Regardless of who prevails, the case of McDonald vs. Chicago figures to be a landmark in the history of the 2nd Amendment and its “right to keep and bear arms.” It will decide whether the 2nd Amendment applies only to federal gun laws or if it can be used across the nation to strike down state and local gun restrictions.

What the plantiffs hope to do, in addition to bringing more reasonable gun laws to Chicago, is incorporate the Second Amendment to the states through the Due Process Clause of Fourteenth Amendment.

Going back to the Heller case, it was fairly obvious how the court was going to rule during the oral arguments. Justice Anthony Kennedy was the swing vote and he made his views on the Second Amendment fairly clear.

SCOTUS to Hear Another Second Amendment case?

The NRA is seeking incorporation of the Second Amendment to the states:

One day after losing a major test case in an appeals court on the scope of the Second Amendment, the National Rifle Association — the nation’s leading advocate of personal gun rights — asked the Supreme Court on Wednesday to apply the Amendment to state, county and city government laws that seek to regulate firearms. The petition was announced by the NRA in this news release.; The petition will be posted as soon as it becomes available.


“Obama Sales” at Nation’s Gun Shops

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Gun sales have rocketed since the election of Barack Obama on fears that he will restrict or eliminate the right  of individuals to bear arms. Obama supporters call the wave “fearmongering by the gun lobby” which has some merit, but middle America would probably rather be safe than sorry when it comes to their guns.

John McCain and the NRA

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Bet he’d be glad for them to play a role in the Republican Party right now…

Change We Should Fight

One thing that has been overlooked this election cycle is Obama’s stance on gun rights. In my opinion he has been given a free-ride by the liberal “old media” and without independent organizations the issue would pretty much a non-issue. Any candidate that receives an enthusiastic endorsement by should be looked on with extreme suspicion by gun owners, such as myself. There is an AR-15 here in my apartment and do not be naive enough to think Obama does not want to confiscate it; the only thing stopping him is potential public outrage and independent organizations such as the GOA & NRA.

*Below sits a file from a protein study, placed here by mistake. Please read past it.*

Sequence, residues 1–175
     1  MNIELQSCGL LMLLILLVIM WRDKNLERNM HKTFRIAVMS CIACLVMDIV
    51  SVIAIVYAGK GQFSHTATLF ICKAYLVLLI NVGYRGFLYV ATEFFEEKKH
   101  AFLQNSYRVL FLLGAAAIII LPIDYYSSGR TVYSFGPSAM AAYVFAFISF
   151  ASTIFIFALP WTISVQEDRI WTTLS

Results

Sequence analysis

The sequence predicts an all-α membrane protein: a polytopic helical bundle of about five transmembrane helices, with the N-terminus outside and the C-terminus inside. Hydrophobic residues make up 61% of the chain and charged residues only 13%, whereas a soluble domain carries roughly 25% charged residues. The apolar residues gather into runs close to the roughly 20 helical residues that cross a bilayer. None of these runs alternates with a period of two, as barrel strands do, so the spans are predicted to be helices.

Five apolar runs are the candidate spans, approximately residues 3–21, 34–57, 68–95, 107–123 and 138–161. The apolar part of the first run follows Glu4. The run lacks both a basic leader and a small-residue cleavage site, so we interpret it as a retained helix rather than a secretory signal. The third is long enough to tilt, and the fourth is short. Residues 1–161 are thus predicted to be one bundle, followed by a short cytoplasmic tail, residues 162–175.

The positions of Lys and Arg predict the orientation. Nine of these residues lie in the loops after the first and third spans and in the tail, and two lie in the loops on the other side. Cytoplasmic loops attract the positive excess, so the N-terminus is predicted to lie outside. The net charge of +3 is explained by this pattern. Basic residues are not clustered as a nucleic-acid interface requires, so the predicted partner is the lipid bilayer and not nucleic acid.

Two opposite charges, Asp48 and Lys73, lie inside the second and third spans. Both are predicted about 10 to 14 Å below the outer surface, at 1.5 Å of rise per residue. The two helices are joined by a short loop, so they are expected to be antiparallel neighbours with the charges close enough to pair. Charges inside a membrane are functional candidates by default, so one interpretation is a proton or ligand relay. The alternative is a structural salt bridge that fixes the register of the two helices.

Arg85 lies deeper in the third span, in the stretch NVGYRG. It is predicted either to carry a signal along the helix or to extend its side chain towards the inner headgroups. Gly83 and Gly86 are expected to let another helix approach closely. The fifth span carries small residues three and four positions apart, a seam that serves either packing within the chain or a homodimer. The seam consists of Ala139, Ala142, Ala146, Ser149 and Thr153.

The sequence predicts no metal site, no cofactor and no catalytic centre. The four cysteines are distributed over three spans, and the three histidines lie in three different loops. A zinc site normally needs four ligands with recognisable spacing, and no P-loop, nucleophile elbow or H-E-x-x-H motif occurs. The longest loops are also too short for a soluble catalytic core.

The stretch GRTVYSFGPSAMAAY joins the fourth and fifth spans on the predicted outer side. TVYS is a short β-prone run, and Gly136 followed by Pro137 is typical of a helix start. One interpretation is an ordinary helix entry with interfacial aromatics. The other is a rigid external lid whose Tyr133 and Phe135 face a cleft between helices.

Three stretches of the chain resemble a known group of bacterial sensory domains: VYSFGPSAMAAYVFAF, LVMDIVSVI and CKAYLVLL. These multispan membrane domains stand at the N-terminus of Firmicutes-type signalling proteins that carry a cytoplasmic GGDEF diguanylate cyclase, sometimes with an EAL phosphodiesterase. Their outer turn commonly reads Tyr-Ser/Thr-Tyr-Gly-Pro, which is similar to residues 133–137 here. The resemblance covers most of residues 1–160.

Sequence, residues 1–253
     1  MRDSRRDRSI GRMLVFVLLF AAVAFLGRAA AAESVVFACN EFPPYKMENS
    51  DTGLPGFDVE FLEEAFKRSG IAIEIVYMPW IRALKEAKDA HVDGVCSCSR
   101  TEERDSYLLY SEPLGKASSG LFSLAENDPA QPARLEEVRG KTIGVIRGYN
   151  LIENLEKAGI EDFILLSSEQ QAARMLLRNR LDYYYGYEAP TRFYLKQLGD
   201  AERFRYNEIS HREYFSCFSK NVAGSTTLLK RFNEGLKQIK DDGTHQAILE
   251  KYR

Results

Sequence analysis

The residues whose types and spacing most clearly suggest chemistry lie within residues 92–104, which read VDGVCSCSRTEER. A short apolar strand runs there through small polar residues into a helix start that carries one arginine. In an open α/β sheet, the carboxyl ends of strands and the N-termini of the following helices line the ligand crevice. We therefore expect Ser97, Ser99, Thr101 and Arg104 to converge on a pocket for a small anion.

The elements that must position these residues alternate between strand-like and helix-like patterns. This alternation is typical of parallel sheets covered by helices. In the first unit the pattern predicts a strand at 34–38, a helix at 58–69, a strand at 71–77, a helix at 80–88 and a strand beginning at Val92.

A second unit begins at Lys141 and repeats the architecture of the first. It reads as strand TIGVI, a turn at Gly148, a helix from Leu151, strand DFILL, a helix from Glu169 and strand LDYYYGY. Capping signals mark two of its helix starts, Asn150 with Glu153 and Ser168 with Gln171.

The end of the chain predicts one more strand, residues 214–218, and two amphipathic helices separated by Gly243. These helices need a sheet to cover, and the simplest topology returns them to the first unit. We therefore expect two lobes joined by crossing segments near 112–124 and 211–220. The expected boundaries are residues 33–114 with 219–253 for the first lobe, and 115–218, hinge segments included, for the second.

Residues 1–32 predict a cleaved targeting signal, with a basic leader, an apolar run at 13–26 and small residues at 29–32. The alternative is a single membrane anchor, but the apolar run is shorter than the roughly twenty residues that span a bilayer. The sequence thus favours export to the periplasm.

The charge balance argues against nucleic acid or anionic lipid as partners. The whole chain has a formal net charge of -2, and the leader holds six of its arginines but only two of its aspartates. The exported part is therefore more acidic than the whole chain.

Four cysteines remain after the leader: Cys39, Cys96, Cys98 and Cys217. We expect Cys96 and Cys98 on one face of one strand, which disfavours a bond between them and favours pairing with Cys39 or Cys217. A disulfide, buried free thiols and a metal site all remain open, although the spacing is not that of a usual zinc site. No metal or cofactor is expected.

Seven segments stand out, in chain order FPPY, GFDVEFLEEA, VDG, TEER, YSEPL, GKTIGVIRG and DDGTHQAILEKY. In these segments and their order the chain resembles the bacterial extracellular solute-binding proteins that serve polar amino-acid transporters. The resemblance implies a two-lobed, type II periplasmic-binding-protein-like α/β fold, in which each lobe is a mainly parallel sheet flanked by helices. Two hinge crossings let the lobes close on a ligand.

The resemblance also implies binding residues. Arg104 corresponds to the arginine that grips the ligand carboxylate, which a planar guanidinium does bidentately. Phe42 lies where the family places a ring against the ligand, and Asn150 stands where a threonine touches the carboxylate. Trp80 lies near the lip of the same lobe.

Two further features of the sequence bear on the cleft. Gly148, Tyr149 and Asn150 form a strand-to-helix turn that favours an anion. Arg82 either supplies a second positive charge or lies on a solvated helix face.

Bob Barr is Packing Heat

When it comes to the 2nd Amendment who is the political gunslinger? Let’s go beyond the rhetoric.

It’s a question we need to look at closely, especially as the election draws near. Shutting off the media circus for a bit, lets look at these candidates strictly on issues. Then see what we come up with.

Sure enough, today we got a great article to back us up.

Kevin Tracy over at wrote a great post laying out, quite simply, why the NRA looks positioned to endorse Bob Barr. As many of you know, the NRA endorsement is something that most Republican’s sweep each year and is considered to be one of the bigger endorsements Presidential candidates seek. Bob Dole missed out on it in 1996 with his assault gun ban flip-flop, but other than that, the NRA is usually a GOP lock. This year however, the Libertarians have fielded Bob Barr, and he isn’t just a supporter of the 2nd Amendment, he’s quite a bit more…

Ron Chimes In On Write-Ins

When Ron Paul was asked by Reason Magazines’s Dave Weigel about write-in ballots, he had this to say-

I don’t think that’s very productive,” Paul said of a write-in campaign. “They could do it, of course, but in most of the states it won’t count. If they can change the rules in a primary and not count all the votes, imagine what they could do with write-in votes!”